Caroline Lucas outlines how she'll work with Labour. Photo: Anoosh Chakelian
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What do we know so far about the Greens working with Labour in government?

Progressive alliances, no joint tickets, and ruling out working with Tories: the Greens clarify how they would work with Labour.

Green policies, red lines, watermelons, mangoes. It was the Green campaign launch this morning, and aside from rumblings about leader Natalie Bennett’s poor media performances, there was talk about how the party would work with Labour in government.

“We would be open to supporting a minority Labour government on a case by case basis,” Caroline Lucas told the press conference. “Working with parties like the SNP and Plaid Cymru, with whom we’ve always had a formal arrangement in the European parliament, we would form a progressive alliance that would put real pressure on a minority Labour government.”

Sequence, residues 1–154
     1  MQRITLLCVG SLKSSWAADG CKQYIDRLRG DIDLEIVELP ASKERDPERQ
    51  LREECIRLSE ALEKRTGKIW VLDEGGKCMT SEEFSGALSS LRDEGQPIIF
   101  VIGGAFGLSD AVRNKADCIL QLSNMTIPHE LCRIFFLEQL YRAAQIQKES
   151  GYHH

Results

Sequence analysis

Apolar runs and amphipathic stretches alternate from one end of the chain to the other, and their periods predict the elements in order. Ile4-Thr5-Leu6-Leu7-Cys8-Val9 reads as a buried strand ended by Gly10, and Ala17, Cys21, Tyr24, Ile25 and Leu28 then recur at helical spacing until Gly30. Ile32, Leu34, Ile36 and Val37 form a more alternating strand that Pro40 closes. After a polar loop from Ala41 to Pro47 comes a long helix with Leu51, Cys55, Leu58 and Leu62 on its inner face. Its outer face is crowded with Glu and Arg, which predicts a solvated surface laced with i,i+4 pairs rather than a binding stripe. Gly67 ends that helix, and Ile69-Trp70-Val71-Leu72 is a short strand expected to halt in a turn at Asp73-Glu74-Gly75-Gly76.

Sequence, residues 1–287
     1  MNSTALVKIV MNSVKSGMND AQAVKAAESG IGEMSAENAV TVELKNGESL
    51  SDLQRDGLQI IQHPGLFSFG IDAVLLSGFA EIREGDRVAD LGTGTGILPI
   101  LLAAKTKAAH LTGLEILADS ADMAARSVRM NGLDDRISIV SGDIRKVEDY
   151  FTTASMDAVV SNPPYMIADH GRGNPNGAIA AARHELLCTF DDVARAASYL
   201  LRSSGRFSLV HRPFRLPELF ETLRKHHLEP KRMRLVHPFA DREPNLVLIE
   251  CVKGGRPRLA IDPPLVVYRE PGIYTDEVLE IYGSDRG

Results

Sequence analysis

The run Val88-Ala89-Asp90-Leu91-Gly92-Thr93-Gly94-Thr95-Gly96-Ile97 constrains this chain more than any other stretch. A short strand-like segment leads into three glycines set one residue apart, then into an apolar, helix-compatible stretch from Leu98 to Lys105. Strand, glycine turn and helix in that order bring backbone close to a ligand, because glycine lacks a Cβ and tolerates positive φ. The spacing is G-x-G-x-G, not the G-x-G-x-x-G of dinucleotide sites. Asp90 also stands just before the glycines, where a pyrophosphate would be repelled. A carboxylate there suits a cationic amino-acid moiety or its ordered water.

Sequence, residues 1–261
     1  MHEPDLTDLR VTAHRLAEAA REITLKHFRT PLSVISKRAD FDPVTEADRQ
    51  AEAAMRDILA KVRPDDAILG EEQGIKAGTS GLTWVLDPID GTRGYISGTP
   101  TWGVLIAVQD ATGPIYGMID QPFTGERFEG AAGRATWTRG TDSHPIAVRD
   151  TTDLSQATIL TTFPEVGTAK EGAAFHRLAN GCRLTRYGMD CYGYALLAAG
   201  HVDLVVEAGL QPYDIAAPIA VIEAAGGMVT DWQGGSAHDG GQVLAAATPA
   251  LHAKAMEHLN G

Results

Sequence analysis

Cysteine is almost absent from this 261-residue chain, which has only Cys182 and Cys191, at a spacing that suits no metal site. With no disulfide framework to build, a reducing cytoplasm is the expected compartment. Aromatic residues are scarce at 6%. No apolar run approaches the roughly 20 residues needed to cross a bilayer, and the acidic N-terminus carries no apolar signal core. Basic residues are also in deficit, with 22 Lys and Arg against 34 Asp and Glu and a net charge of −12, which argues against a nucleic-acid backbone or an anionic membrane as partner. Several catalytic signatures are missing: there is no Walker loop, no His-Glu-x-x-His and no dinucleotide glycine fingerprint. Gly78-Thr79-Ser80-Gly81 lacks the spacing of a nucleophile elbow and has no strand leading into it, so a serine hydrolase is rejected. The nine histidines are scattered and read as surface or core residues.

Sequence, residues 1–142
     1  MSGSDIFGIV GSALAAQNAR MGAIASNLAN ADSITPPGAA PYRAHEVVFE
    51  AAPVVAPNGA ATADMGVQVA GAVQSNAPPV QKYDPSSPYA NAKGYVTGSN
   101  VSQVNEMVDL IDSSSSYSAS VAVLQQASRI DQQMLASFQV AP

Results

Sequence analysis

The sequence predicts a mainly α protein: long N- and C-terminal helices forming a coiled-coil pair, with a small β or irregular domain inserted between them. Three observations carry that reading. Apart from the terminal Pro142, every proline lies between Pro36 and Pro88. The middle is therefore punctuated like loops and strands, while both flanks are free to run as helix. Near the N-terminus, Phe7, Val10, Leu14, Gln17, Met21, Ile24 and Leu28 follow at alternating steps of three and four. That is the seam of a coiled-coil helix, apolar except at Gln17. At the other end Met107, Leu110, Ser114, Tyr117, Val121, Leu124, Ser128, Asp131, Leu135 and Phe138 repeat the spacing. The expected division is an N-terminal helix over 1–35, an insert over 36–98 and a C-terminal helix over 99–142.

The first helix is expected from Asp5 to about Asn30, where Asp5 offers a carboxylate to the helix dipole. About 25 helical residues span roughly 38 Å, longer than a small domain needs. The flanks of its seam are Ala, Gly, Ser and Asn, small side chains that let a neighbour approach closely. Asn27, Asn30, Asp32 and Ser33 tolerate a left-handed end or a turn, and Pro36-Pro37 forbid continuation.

We have already heard from the Greens that they would be open to a confidence-and-supply arrangement, if they were to prop up a government at all, but Lucas went into further detail than we have previously heard from a party that refuses to discuss “red lines” – other than on scrapping Trident.

She said that the alliance of smaller parties, “would be able to get things like a ban on fracking, as a clear thing on the agenda of a future government, major investment in clean energy and energy efficiency, scrapping Trident...”